Great Horned Owl photographed in California, USA (Kishore Bakshi)


The Crested Serpent Eagle is found in forested habitats across tropical Asia. As its name suggests, this is a reptile eater which hunts over forests, often close to wet grassland, for snakes and lizards. Photographed at the Bandhavgarh Tiger Reserve, India (Abhaya Shukla)


The Crested Hawk-eagle, also known as the Changeable Hawk-eagle, is a large bird of prey found in much of the Indian Subcontinent and southeast Asia. Photographed at the Bandipur Tiger Reserve, India (Birendra Kumar)


The Common Kestrel is also known as the European Kestrel, Eurasian Kestrel or Old World Kestrel. This is a widespread species in Europe, Asia, and Africa, as well as occasionally reaching the east coast of North America. Photographed in Vellore, Tamilnadu (Muthuganesan Palanisamy)


Brown Fish Owl photographed at the Tadoba Andheri Tiger Reserve, Maharastra (Tapas Acharya)


Brahminy Kite. This bird was formerly called the Red-backed Sea Eagle in Australia. It is a medium-sized bird of prey found mainly on the coast and in inland wetlands, where they feed on dead fish and other prey. Photographed in Mysore, Karnataka, India (Paneendra BA)


The Bonelli’s Eagle is a large bird of prey that breeds from southern Europe, Africa on the montane perimeter of the Sahara Desert and across the Indian Subcontinent to Indonesia. Photographed in Dhanauri Wetlands in UP, India (Sibananda Bhanja)


The Black-eared Kite is an opportunistic hunter and is more likely to scavenge. This birds spends a lot of time soaring and gliding in thermals in search of food. Photographed in West Bengal (Rana Mukherjee)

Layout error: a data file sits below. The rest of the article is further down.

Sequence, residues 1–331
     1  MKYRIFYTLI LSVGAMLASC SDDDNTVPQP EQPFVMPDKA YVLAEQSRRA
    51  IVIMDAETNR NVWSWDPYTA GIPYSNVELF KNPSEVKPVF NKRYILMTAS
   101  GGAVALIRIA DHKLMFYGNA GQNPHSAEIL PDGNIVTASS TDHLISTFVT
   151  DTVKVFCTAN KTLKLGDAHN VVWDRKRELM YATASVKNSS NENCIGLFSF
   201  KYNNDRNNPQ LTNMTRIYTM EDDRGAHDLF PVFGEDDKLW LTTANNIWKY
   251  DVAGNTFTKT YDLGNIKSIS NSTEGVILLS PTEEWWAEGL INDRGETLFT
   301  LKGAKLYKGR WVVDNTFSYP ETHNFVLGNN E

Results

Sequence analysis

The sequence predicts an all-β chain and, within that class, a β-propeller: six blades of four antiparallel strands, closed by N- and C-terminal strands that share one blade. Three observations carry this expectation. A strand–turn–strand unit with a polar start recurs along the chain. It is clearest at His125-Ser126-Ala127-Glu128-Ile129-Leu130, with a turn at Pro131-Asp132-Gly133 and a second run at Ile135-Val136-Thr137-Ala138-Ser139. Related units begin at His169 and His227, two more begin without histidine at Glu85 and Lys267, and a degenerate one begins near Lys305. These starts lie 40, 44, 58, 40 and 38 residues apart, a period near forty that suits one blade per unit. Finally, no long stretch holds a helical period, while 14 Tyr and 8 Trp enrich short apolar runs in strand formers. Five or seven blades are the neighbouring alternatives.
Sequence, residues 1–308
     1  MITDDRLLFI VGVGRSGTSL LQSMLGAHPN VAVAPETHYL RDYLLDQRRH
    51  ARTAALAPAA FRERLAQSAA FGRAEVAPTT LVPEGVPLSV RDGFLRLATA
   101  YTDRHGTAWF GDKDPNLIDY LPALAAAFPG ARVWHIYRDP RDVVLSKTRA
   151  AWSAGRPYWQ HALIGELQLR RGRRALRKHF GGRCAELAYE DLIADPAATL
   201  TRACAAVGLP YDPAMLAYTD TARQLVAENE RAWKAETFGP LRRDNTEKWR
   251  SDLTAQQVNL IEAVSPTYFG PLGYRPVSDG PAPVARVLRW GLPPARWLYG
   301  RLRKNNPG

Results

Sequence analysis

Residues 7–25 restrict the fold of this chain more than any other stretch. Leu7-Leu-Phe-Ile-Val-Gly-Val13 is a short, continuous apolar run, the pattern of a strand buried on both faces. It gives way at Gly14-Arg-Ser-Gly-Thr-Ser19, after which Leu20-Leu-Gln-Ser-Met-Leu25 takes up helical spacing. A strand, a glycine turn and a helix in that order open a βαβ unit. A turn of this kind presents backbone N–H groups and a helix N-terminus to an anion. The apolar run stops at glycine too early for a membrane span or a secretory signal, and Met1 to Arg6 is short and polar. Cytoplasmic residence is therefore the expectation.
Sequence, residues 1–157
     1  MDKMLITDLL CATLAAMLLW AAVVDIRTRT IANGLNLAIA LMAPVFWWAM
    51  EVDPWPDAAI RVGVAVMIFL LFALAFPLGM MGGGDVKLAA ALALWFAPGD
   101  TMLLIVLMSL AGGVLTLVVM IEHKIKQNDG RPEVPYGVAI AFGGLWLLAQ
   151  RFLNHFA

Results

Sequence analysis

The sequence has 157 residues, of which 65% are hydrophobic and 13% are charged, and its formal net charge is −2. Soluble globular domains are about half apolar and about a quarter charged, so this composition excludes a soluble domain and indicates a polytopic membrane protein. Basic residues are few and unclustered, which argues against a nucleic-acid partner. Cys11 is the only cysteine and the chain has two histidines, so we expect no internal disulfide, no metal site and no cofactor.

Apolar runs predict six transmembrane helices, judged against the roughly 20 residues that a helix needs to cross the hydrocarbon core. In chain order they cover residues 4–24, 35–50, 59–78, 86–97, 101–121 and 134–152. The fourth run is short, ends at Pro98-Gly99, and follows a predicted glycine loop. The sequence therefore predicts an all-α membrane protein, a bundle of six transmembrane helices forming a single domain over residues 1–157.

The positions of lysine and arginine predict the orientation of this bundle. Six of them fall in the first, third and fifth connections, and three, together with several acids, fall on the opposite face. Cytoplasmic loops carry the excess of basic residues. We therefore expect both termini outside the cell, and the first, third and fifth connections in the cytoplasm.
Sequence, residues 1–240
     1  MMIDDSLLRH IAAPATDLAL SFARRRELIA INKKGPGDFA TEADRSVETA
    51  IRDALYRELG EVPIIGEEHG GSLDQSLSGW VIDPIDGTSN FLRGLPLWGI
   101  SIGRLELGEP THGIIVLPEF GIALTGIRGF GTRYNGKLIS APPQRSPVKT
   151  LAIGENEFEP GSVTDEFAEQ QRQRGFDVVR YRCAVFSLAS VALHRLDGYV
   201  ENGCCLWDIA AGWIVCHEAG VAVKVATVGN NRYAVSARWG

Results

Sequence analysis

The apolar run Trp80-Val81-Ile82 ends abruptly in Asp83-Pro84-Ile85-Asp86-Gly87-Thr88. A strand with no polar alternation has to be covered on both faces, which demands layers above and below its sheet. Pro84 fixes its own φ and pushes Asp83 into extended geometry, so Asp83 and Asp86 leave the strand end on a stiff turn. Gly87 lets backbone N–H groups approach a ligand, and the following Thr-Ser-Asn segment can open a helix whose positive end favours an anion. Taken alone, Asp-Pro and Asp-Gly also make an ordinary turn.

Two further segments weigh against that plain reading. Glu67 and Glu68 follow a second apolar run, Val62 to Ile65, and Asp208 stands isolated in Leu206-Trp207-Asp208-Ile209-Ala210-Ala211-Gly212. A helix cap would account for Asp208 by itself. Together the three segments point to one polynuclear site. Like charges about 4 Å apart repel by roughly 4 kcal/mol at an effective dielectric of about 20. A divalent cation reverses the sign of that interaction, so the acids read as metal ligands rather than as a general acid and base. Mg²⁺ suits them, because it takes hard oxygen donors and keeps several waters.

Black-winged Kite photographed in Balang, Malaysia (Pang James)


The Black Kite is a medium-sized bird of prey that can be distinguished from Red Kites by the slightly smaller size, less forked tail and generally dark plumage without any rufous colour. Photographed in Patiala, Punjab, India (Harleen Kaur)


Our mission is to build a global community around the freedom and beauty of birds in the wild as ambassadors for the natural ecosystems that they depend upon. They are the music, decoration, and character of every terrestrial habitat on the planet and have been around since the dinosaurs. They are the witnesses and ambassadors of the awesome power of nature. The wide availability of good, cheap optics has opened their world to us for the last few decades. Amazing, affordable DSLR cameras with long lenses are delivering brilliant digital bird imagery to online communities.

We are in a day-and-age during which more bird species are threatened with extinction than ever before. The Wild Birds! Revolution aims to publish the “Top 25 Wild Bird Photographs of the Week” to 1 million people every week by the end of the year. That is a revolution that will change the world! Join thousands of other weekend naturalists, photographers, birders, experts, hikers, nature-lovers, guides, scientists, conservationists and artists that share the thousands of wild bird photographs submitted to the Wild Bird Trust website and Facebook page. Thousands of wild bird enthusiasts are going out every day to photograph our planet’s beautiful birdlife. Pick up your camera, fill your bird feeder, open your heart, and join the Wild Birds! Revolution!!

Edited by Abigail Ramudzuli, Campaign Manager